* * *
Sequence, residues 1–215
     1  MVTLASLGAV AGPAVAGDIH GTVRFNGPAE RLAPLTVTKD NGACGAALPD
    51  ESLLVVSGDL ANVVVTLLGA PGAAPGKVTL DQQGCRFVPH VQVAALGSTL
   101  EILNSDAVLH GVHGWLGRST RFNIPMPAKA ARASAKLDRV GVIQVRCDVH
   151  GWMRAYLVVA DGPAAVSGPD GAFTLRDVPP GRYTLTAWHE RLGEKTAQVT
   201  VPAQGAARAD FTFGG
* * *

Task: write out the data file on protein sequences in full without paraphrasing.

Sequence, residues 1–215
     1  MVTLASLGAV AGPAVAGDIH GTVRFNGPAE RLAPLTVTKD NGACGAALPD
    51  ESLLVVSGDL ANVVVTLLGA PGAAPGKVTL DQQGCRFVPH VQVAALGSTL
   101  EILNSDAVLH GVHGWLGRST RFNIPMPAKA ARASAKLDRV GVIQVRCDVH
   151  GWMRAYLVVA DGPAAVSGPD GAFTLRDVPP GRYTLTAWHE RLGEKTAQVT
   201  VPAQGAARAD FTFGG